Acceptable Result

  • Last Post 15 April 2018
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rrdbes posted this 14 April 2018

How will you know if you got an acceptable result during iteration? Thanks!

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peteroznewman posted this 14 April 2018

If the iteration converges to the final time, that represents an equilibrium solution for static or steady-state models. If the iteration stops before that, there is a clear indication that there is a problem that needs attention in the model.

If the solver converges to the final time, the best practice is to perform a mesh refinement study. Duplicate the system with the initial coarse mesh with element size s3, and refine the mesh with elements that are smaller in size (s2) by a factor of between 1.3 and 2.0 in the areas of high gradient, or in the areas critical for accuracy in the model, and get a second solution. Observe the change in the result quantity. Duplicate the system and repeat the mesh refinement so the element size is s1 and get a third solution. Plot the result quantity of these three systems vs the element size.

Mesh refinement studies are done in both Structural and CFD models. Here is a discussion with more detail. A mesh refinement study tells you if the numerical errors of discretizing and solving the model are acceptable. You might show that the numerical error is reduced to less than 1%, but later learn that one of the material properties was incorrect by a factor of 10! That is where validation needs to be done.

Validation is the process of obtaining a measurement of the physical system to compare with the simulation result.

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rrdbes posted this 15 April 2018

Thank you! My iterations says:


reversed flow in 19 faces on pressure-outlet 8.

195 1.2657e-01 4.4848e-03 3.6785e-03 1.1488e-06 1.1585e-02 1.5845e-02 0:00:00 5


reversed flow in 19 faces on pressure-outlet 8.

196 1.2434e-01 4.4962e-03 3.7319e-03 1.1541e-06 1.1549e-02 1.5610e-02 0:00:00 4


reversed flow in 20 faces on pressure-outlet 8.

197 1.2783e-01 4.4833e-03 3.7615e-03 1.1756e-06 1.1460e-02 1.5387e-02 0:00:01 3


reversed flow in 20 faces on pressure-outlet 8.

198 1.3009e-01 4.4894e-03 3.7951e-03 1.1746e-06 1.1333e-02 1.5115e-02 0:00:00 2


reversed flow in 20 faces on pressure-outlet 8.


iter continuity x-velocity y-velocity energy k epsilon time/iter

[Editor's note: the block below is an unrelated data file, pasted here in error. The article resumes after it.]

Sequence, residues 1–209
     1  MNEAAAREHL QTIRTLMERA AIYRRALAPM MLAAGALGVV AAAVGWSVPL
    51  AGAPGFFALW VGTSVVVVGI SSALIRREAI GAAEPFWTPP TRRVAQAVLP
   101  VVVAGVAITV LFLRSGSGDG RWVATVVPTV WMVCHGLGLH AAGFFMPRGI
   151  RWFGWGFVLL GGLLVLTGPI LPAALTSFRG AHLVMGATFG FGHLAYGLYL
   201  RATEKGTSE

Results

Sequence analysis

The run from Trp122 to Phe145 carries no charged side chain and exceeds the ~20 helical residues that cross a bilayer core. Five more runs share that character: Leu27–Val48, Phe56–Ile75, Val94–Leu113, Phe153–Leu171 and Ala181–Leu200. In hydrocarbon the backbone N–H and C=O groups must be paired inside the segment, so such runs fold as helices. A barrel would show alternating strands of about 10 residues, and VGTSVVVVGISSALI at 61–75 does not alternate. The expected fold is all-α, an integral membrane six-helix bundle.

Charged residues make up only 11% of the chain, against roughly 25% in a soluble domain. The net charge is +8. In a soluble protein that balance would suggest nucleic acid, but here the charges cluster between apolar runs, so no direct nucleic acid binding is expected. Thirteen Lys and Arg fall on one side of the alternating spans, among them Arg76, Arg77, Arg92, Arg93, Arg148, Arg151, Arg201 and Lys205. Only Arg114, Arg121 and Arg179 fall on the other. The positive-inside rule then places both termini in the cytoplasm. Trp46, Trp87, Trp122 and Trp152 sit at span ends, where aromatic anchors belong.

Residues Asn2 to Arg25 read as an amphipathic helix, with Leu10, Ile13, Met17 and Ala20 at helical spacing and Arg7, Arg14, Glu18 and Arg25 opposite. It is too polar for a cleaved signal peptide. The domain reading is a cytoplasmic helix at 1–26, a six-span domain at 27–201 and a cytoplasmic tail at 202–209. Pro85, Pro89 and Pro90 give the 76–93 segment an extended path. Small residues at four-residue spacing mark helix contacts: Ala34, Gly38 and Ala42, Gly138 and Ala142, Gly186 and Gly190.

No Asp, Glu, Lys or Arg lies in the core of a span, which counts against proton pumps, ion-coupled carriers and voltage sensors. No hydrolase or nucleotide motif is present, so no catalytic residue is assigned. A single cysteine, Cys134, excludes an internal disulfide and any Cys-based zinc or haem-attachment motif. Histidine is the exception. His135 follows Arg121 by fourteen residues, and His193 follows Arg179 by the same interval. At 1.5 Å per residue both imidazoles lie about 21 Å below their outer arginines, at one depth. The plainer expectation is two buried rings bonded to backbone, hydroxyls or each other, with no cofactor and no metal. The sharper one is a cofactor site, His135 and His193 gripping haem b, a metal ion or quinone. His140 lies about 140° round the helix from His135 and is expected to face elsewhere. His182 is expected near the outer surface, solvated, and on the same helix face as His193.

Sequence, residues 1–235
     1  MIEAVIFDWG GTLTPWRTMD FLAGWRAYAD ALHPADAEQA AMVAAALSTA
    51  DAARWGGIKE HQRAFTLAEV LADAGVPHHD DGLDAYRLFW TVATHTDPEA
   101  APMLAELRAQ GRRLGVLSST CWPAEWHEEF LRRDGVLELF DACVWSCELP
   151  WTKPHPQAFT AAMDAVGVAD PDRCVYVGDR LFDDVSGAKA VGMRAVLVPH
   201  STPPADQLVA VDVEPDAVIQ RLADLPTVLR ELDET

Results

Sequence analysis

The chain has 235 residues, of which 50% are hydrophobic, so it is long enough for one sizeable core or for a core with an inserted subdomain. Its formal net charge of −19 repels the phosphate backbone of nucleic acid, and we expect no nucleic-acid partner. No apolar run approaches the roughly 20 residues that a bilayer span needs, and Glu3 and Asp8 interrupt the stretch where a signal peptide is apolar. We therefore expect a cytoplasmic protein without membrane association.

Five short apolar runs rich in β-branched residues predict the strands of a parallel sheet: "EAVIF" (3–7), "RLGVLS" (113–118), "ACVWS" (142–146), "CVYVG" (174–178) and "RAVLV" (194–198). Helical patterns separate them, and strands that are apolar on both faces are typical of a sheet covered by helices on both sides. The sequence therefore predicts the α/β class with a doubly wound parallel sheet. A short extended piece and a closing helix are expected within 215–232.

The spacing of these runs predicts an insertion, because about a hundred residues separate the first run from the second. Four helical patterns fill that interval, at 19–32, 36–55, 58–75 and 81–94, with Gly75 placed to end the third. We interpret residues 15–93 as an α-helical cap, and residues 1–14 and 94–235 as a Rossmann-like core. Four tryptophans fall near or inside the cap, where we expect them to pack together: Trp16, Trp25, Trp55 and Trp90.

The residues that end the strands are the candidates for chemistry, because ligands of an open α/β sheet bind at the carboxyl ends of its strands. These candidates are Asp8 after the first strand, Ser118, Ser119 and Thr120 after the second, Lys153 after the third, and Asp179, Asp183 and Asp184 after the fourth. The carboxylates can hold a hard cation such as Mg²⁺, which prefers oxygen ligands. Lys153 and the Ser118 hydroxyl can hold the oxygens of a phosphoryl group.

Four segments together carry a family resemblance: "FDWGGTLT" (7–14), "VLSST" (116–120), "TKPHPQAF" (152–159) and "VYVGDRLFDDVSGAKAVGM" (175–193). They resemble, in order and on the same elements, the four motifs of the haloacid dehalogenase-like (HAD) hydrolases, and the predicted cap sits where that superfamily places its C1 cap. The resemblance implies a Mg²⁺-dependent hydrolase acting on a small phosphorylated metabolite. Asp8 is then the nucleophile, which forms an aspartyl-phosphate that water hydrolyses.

199 1.2936e-01 4.5001e-03 3.8368e-03 1.1769e-06 1.1157e-02 1.4724e-02 0:00:00 1


reversed flow in 20 faces on pressure-outlet 8.

Radiosity converged after 3 iterations

Final radiosity residual = 2.954131e-05

200 1.3033e-01 4.4930e-03 3.8676e-03 1.1660e-06 1.0959e-02 1.4360e-02 0:00:00 0

Registering S2s, ("D:\ANSYS\x_files\dp0\FFF\Fluent\FFF.s2s.gz")

Writing data to D:\ANSYS\x_files\dp0\FFF\Fluent\FFF.ip ...














Calculation complete.



Attached also is the scaled residual graph.


Any thoughts, I will do the size refinement as you suggests and I will observe changes in the iteration. Thanks you!

Attached Files

rrdbes posted this 15 April 2018

And therefore, a converging residual graph indicates a good simulation? Thanks you!

peteroznewman posted this 15 April 2018

I commend you for your interest in how to use ANSYS to obtain valid results. I recommend you take the free course on, "A Hands-on Introduction to Engineering Simulations" developed by Cornell University. It takes you through four modules that lay a foundation of understanding and show you techniques to obtain valid results in your models. Module 5 shows you how to simulate the 2D airflow over a wing profile, and the methods used to obtain a converged solution. I have taken this course, and that was my first exposure to CFD.

I believe your model is not sufficiently converged.  You should run iterations until the residuals are below 1e-3.  In the course, it was recommended to set the residuals even lower to 1e-6. There are also techniques to drive the residuals down using fewer iterations by setting some methods to first order for the initial few hundred iterations, because first order methods are stable while second order methods might lead to divergence. But after some amount of reduction in residual has occurred, change to second order methods because they converge faster than first order methods.

In the example of your roof in the open ground, the reversed flow messages may mean that your outlet boundary is too close to the disturbance in the flow you are trying to model with the roof. Double the distance to the downstream outlet and try again. If you still get the message, double the distance again. If this doesn't apply to the model you are working on, then you should attach the workbench archive file .wbpz so that the CFD experts can take a look.


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rrdbes posted this 15 April 2018

Thank you so much for your patience in answering my questions. Rest assured that I fully comprehend your suggestions, you've been a great help!